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UT president announces budget cuts

Enrollment for fall semester dropped below expectations

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The University of Toledo will trim 1.5 percent from its operating budget this year, and chop 3 percent from the entire budget for the fiscal year beginning July 1.



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President Sharon Gaber announced the across-the-board reductions Wednesday in an email to faculty and staff. The cuts will amount to about $600,000 this year and roughly $8.7 million for the 2017 fiscal year.

A lower-than-projected fall 2015 enrollment contributed to the budget hole this year. While the university is forecasting steady enrollment next year, officials said UT needs to address increasing costs and stabilize finances to avoid similar midyear cuts in the future.

“Part of my doing this is to try to be proactive,” Ms. Gaber said. “I want a budget that is realistic.”

More than 80 percent of the university’s budget covers employee compensation, such as salary and benefits, said Lawrence Kelley, interim chief financial officer.

Layoffs and pay cuts are not planned as part of the budget reductions, but some open positions could go unfilled.

ATTACHMENT: Gaber’s letter to university community on budget cuts

“Our people are our greatest asset, and I have to think about how to protect them, but we also have to be fiscally sound. We want a great institution for our students to thrive. We have to be sound to do that,” Ms. Gaber said.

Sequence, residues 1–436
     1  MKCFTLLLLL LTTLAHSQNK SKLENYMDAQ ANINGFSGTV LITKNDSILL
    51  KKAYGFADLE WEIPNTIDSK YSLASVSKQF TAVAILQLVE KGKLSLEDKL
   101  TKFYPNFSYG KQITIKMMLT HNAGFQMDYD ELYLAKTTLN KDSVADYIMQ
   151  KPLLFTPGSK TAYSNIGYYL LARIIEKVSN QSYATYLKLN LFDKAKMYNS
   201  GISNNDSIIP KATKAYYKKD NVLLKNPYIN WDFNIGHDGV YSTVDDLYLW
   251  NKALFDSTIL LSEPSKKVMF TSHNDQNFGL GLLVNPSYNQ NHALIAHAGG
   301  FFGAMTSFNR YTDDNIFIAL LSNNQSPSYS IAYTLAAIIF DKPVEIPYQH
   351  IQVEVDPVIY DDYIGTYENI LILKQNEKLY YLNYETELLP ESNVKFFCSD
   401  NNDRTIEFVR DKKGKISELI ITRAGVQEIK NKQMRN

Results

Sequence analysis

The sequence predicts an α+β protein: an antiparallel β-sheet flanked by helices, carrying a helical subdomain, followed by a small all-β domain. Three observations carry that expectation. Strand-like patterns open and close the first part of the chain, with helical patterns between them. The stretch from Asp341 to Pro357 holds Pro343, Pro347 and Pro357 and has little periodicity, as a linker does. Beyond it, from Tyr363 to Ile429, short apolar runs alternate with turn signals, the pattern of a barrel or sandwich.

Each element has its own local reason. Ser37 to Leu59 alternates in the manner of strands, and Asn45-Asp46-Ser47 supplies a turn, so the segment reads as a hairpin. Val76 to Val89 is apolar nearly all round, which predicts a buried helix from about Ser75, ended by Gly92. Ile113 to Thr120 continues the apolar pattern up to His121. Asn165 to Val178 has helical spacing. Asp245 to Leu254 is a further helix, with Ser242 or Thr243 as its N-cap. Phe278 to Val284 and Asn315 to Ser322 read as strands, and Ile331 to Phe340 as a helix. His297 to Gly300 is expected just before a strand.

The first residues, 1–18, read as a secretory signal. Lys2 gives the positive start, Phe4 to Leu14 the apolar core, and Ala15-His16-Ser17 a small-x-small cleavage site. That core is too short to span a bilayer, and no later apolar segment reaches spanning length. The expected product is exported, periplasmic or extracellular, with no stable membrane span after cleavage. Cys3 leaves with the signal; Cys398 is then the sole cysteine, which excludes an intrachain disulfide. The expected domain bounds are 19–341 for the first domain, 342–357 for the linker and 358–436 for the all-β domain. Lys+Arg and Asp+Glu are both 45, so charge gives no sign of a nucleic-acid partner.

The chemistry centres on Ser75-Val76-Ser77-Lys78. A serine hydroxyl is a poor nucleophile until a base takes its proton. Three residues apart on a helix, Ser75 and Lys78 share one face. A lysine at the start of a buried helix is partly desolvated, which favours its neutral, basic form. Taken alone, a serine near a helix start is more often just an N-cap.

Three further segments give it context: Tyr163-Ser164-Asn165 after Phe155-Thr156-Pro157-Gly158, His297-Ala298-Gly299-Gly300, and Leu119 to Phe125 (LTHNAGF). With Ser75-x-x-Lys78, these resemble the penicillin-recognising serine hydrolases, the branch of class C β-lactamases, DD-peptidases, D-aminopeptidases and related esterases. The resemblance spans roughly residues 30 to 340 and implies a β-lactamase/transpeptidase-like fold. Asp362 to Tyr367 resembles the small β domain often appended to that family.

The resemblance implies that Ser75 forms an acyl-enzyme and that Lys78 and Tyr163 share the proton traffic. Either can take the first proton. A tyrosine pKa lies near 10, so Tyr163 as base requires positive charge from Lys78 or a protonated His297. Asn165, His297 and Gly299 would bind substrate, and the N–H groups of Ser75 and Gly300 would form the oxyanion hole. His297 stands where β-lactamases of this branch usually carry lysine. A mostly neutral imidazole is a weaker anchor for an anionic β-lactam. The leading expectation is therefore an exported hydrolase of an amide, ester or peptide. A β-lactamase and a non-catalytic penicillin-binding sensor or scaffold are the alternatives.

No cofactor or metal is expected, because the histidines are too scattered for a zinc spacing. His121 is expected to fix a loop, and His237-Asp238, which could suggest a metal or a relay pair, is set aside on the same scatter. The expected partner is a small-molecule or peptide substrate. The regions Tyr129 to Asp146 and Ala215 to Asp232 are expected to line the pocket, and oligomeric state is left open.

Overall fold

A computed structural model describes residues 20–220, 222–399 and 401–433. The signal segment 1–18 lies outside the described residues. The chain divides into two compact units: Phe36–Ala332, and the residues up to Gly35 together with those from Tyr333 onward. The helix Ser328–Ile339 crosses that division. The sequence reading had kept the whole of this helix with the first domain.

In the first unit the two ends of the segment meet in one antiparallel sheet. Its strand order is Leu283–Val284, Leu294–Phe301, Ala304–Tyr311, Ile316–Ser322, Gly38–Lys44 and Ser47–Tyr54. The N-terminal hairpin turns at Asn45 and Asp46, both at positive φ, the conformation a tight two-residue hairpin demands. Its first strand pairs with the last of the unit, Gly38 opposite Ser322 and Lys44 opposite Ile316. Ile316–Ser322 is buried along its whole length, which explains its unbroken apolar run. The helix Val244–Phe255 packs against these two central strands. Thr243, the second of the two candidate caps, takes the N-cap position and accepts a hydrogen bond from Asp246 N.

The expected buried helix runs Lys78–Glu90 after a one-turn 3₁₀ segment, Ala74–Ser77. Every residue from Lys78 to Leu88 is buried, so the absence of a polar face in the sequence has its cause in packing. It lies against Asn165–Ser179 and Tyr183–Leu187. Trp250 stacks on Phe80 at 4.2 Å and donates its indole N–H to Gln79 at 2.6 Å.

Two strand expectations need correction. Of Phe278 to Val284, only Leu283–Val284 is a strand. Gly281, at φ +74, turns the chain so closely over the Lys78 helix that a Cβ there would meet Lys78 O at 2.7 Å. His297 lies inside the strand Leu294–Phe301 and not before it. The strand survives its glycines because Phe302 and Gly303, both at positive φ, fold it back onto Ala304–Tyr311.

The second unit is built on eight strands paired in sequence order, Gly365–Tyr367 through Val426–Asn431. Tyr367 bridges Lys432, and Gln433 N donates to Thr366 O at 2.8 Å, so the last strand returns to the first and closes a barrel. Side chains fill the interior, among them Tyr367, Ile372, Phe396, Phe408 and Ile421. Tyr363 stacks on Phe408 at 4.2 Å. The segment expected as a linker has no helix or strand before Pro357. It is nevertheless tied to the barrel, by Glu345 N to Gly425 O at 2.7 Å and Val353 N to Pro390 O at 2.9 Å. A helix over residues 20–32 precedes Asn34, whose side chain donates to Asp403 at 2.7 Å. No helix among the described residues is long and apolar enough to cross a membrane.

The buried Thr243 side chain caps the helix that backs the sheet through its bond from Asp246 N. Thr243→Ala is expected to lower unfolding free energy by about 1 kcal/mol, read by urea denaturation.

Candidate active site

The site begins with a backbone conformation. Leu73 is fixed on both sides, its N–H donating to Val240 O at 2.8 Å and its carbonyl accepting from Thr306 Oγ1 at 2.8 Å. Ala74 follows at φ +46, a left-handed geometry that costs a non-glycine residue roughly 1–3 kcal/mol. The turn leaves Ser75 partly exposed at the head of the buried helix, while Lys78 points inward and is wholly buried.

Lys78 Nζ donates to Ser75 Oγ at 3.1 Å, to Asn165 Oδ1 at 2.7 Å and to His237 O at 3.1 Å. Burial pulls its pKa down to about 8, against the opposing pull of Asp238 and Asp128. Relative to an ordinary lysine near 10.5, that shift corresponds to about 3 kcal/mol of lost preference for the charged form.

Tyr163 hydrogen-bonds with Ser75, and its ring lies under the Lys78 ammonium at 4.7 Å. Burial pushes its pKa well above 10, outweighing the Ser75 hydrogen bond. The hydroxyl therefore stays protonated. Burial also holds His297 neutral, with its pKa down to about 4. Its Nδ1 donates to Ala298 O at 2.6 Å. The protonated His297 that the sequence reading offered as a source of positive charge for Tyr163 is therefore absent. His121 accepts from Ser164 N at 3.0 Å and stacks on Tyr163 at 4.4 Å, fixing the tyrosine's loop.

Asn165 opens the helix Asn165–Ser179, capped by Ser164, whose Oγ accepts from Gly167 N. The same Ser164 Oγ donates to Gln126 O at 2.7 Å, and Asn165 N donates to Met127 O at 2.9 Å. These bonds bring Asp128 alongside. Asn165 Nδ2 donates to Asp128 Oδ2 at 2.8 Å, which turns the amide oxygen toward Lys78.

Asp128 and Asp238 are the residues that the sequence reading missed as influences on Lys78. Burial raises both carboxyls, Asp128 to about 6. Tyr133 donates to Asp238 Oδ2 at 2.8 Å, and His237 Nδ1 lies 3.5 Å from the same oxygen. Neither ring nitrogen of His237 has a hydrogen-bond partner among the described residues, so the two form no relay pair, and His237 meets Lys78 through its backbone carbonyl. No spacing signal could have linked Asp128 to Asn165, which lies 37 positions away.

In the next couple of weeks, leaders of the various colleges and departments will be given a target dollar amount to cut.

Operating cuts could include reducing money spent on supplies and travel, among other areas, said Mr. Kelley.

The budget woes don’t come as a surprise. In October, Ms. Gaber announced an eight-month hiring freeze aimed at helping to plug about $5 million of an estimated $11.5 million shortfall caused in part by lower-than-expected enrollment.

This year’s budget, approved before Ms. Gaber assumed the presidency, anticipated a 2 percent increase in undergraduate enrollment and a steady graduate enrollment, but enrollment dropped by nearly 1.5 percent.




UT will also try to make up this year’s shortfall by consolidating administration posts and scrutinizing pay increases. The school is looking at ways to save money on utilities and on snow removal because of this season’s mild winter.

UT gained 66 students this semester compared to the spring of 2015; it was the first increase since the 2010-2011 year, when enrollment peaked with a record 23,124 students.

Next year’s budget, which goes into effect July 1, will anticipate an even enrollment. Officials won’t know student numbers until the end of August, but Ms. Gaber expects any growth to be modest.

The state budget froze tuition rates for public universities and colleges for the current school year and next. UT trustees this week approved a 2 percent housing rate increase for next year, and will continue to “look at revenue opportunities,” Mr. Kelley said.

In her email, Ms. Gaber told officials the university must “grow” its way out of a history of annual budget cuts and said she has “no interest in repeating this exercise in the future.”

The fiscal year 2017 budget will go before trustees for approval in June.

Contact Vanessa McCray at: or 419-724-6065, or on Twitter @vanmccray.

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